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January 11, 2022

Sabotage of Color and Faker libraries puts open source software in the spotlight

As an open source developer corrupts his own software, crippling thousands of projects, should businesses be relying on free code?

By Claudia Glover

Open source code libraries Color and Faker were corrupted earlier this week by the software developer who has been maintaining them. The developer’s actions brought down projects from thousands of businesses using the libraries by sabotaging software updates, triggering infinite loops of jumbled code. This, coupled with the recent Log4J security breach, which was triggered by a vulnerability in a piece of open source code, has put the spotlight on the future of open source and whether businesses, many of which heavily rely on freely available software, should exercise more caution.

Colors library sabotage


Two popular open source libraries have been sabotaged… by the developer maintaining them (Photo themotioncloud/iStock)

The malicious updates, which were released earlier this week, triggered an infinite loop, resulting in a denial of service attack to any Node.js server using the libraries. The Colors library, which allows developers to add different styles of colours of font to their node.js servers, is downloaded more than 20 million times a week and used by 19,000 projects. Faker is deployed on more than 2,500 projects and received over 2.8 million downloads in the past week alone.

Projects using the libraries, which include the popular Amazon AWS cloud development kit, saw their applications write nonsense script on their consoles, under the lines LIBERTY LIBERTY LIBERTY. Users can get around the problem by downgrading to earlier versions of the two libraries.

Colors library sabotage: pay me a ‘six-figure’ salary says developer

The perpetrator, Marak Squires, added a new “American flag” module to the Colors library on Monday. The infinite loop triggered by the code will continue to print rubbish indefinitely, in the form of non-ASCII characters, on any consoles using applications with code from Colors. A sabotaged version of “6.6.6” of Faker was also published to Github.

It has been reported that Squires updated them maliciously to sabotage the libraries as well as their corresponding projects. He has previously published statements of his own frustration in donating free labour to open source communities, which are then used by companies who can afford to pay but contribute nothing to maintaining the libraries. In November 2020, Squires wrote: “Respectfully, I am no longer going to support Fortune 500s with my free work. Take this as an opportunity to send me a six-figure yearly contract or fork the project and have someone else work on it.”

Responses to the effects of Squire’s malicious updates appeared online almost instantly. Most were in opposition to the act of sabotage. Cybersecurity expert Dr Vesselin Bontchev tweeted that the act was “irresponsible”, saying: “if you have problems with businesses using your free code for free, don’t publish free code.”

Is it time to stop using open source?

In the light of the Log4j vulnerability, which saw a flaw in an open source javascript widely exploited by cybercriminals, the subject of how secure open source actually is has been widely discussed. “Open source software does not owe you anything,” argues Boris Clipot, senior security engineer at Synopsys, which offers open source security tools. “While some open source projects are led or sponsored by companies, this is rarely the case. Often, developers work on components out of their own interest, and in their free time.”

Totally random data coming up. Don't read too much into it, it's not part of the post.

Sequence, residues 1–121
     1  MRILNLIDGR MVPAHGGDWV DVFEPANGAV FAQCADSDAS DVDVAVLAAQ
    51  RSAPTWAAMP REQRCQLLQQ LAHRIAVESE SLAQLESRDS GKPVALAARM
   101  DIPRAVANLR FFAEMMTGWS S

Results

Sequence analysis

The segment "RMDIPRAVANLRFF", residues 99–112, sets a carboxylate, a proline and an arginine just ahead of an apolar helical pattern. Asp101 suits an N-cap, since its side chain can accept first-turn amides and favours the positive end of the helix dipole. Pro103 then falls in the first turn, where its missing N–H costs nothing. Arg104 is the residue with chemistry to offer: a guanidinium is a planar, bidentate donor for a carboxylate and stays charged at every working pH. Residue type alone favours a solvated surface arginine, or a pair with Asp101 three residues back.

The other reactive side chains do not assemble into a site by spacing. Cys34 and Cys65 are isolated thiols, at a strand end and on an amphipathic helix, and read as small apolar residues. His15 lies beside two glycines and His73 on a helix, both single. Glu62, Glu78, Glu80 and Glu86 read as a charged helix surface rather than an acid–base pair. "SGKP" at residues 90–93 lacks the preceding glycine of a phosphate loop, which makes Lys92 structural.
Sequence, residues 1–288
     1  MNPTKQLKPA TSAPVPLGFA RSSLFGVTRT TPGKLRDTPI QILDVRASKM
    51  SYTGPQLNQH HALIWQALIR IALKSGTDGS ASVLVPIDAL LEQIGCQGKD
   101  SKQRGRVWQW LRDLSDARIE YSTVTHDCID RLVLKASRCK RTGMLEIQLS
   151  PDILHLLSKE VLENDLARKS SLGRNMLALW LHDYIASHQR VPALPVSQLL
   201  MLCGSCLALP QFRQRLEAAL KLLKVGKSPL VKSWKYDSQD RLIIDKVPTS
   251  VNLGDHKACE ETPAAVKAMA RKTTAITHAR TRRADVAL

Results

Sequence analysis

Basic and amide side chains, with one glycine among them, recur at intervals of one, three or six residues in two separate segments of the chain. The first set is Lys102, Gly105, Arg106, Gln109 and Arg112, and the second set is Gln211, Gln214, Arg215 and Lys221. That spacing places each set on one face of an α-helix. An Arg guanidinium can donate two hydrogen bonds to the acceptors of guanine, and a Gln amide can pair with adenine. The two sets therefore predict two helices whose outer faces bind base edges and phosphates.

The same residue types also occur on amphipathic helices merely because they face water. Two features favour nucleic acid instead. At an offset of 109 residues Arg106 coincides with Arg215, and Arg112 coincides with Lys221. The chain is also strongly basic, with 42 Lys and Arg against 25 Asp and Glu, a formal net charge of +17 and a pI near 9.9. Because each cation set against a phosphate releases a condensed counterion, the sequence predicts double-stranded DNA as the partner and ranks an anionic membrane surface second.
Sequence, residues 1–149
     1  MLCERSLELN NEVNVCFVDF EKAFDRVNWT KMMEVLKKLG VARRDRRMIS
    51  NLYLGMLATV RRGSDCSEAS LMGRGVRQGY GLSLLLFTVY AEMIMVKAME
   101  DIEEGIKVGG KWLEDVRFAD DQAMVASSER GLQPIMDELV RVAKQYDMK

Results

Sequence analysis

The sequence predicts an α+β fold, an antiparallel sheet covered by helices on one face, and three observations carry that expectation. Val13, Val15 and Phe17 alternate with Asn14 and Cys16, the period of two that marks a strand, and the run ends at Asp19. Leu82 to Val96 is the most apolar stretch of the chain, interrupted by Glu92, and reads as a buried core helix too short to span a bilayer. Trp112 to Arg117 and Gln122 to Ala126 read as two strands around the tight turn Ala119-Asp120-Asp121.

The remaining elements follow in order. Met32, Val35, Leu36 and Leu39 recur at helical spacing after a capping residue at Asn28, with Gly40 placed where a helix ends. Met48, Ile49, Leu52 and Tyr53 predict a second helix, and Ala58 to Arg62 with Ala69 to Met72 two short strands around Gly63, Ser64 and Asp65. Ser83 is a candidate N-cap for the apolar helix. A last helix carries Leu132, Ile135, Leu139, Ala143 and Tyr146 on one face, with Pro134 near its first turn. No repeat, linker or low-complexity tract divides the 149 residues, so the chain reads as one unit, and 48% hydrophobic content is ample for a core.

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This means that those using it cannot be sure that open source software is completely secure, says John Goodacre, professor of computer architectures at the University of Manchester. “Whether a developer reuses open source, or commercially sourced code in their project, there is always a risk that it can either perturb the expected behaviour of their application, as with the Colors and Faker libraries, or exposes their product to a cyber vulnerability, as with Log4j,” he says. “Some organisations can use code developed elsewhere for up to 85% of their projects.”

Despite these risks, businesses rely heavily on open source, with 89% of UK organisations that responded to OpenUK’s State of Open 2021 report saying they deploy open source software in their companies. And replacing these code libraries with a commercially developed equivalent would not necessarily improve matters, argues Quincy Larson, founder of coding non-profit organisation FreeCodeCamp. “Open source is more secure than closed source, because the code benefits from additional scrutiny,” he says. “Security issues are usually fixed quickly.”

Rather than getting irritated at the prospect of providing free labour for corporations, many open source developers are finding new ways to get payment for their endeavours. “They are seeking new ways to get compensated for their time, such as GitHub Sponsors, Patreon and a variety of blockchain projects,” he says.

The responsibility remains with companies using open source to retain control over the code by being involved in its production, explains Clipot. “If you are involved in the development, then you can also actively follow its risk development and will be able to react sooner rather than later,” he says. “You will also be given the opportunity to contribute to the success of the component and therefore, lower its operational risk generally.”

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